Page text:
Originally all of the house “rules” were put into place as a team: mom and dad. After Larry died I had to figure out what rules I wanted to keep and what ones I didn’t. If your children are old enough, engage them in conversation and get their input regarding the establishment of boundaries and expectations. Once you have determined what the boundaries are (bedtime, homework, extra-curricular activities, etc.) sit down with your children and be clear about your expectations. I recommend reevaluating this at least once a year. As children grow, the expectations and responsibilities change as well.
What about adult children living back at home? Or, elderly parents moving in?
Sometimes having adult children move back home is harder than having little ones! But it’s your home, boundaries and expectations need to be established no matter what the age for any family member moving into your home. The purpose is to create a living environment that is as harmonious and peaceful as possible.
Spend time collectively, unplugged, as a family:
One of the gifts Larry left the boys and I was his love of travel, especially road trips! At the time Larry passed away, there was a remarkable family from my children’s school who had plans to spend two nights at a cabin in Greer, Arizona. It’s a beautiful town northeast of Phoenix and offers a quiet, serene get-away. When they heard of our loss, they decided as a family to gift us the fully paid stay in the cabin. I was in awe at their generosity. I saved their gift and used it on the one-year anniversary of Larry’s death.
I piled the kids and two golden retrievers (who had recently joined our family) into the mini-van and took another step towards redefining what our family vacations would look like going forward. On the way to the cabin we reminisced about all the previous road trips we had taken with Larry.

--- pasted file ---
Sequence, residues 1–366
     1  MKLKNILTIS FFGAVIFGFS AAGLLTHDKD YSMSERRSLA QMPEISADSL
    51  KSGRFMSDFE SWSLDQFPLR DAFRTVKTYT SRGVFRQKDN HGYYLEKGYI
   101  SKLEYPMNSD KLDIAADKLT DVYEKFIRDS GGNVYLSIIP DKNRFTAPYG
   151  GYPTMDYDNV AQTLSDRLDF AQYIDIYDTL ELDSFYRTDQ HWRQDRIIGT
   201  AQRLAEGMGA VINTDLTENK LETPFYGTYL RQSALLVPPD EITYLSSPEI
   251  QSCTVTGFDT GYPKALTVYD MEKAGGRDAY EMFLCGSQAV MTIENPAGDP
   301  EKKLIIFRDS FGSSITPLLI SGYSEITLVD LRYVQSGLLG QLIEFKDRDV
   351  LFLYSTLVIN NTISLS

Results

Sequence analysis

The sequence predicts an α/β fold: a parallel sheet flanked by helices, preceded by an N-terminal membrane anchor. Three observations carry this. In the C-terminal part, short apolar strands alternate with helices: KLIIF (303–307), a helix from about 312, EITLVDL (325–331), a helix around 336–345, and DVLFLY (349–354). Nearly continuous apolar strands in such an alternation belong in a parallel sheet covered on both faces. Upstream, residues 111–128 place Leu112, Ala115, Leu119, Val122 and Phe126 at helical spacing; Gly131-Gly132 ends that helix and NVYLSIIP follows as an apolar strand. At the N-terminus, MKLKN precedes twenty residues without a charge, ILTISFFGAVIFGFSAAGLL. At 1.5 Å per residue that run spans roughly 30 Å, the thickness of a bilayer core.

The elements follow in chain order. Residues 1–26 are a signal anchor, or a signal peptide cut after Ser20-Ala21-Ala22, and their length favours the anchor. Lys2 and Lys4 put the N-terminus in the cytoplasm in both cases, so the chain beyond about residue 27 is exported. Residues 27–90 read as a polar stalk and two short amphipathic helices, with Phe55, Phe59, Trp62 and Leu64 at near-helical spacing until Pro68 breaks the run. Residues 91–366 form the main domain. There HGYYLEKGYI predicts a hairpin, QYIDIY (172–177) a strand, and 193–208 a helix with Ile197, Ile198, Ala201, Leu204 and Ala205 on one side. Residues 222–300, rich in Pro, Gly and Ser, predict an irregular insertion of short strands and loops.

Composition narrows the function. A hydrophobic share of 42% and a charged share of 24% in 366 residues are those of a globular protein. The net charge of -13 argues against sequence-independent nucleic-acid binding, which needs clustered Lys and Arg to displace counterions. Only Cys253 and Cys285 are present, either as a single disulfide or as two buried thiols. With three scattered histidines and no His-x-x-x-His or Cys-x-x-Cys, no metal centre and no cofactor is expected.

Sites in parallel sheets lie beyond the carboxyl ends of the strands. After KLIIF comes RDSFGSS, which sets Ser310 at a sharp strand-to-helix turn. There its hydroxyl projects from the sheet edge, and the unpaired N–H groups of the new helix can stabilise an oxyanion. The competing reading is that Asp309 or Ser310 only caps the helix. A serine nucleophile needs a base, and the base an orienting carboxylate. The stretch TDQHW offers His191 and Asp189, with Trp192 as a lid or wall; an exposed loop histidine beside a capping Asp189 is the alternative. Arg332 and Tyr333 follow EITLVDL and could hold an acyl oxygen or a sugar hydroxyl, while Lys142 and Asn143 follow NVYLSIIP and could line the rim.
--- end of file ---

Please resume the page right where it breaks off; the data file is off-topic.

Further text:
Sharing stories about Larry brought smiles to our faces and laughter filled the car. I never would’ve imagined the year prior that any of us could laugh so easily.
We had taken many steps to heal individually and collectively as a family, and this was one more: a step taken together to mark one the one-year anniversary of Larry’s death and the addition of two more members, Star and Cruiser (pictured above).
We have since taken more road trips, some of the best ones include the dogs. We have laughed, bickered (remember 4 people and 2 good size dogs in one car and one hotel room!) and even shed some tears. All these moments have re-established the nucleus of my immediately family.
Now, here I am, almost nine years after Larry died, and the nucleus of my family has changed again. With Henry off to college, I need to reevaluate all the steps I mentioned above. From minor issues like splitting chores (George and Charlie don’t think this is minor!) to creating family time just for me, George and Charlie. This part is a little harder now that the boys are teenagers, George has his own license to drive and a girlfriend.
I’m doing my best to find moments when it is just the three of us and I can pull out a deck of cards or UNO and tell them it’s family time. I’ll admit it’s a little awkward in the beginning. You don’t realize that impact one person has on a family until they are no longer physically with the family. Family bantering combined with individual personalities makes family time unique, so when a member leaves or joins the family, time is needed to re-establish the ever-changing family nucleus.
As I sit here and write this, I remember the pain I felt each time I looked at a family picture of me, Larry and the boys. I felt my family was forever broken, shattered. But now, I can look at that same picture and smile at Larry and say, “Look what we created!”
While the picture is sure to change again, my love for him and my boys will forever remain the same. This love has given me strength to put the pieces of my family back together. The pieces are different and may not align perfectly, but neither do the pieces in a mosaic picture- and it’s still beautiful.
I pray you will find a way to make your shattered pieces fit together once more.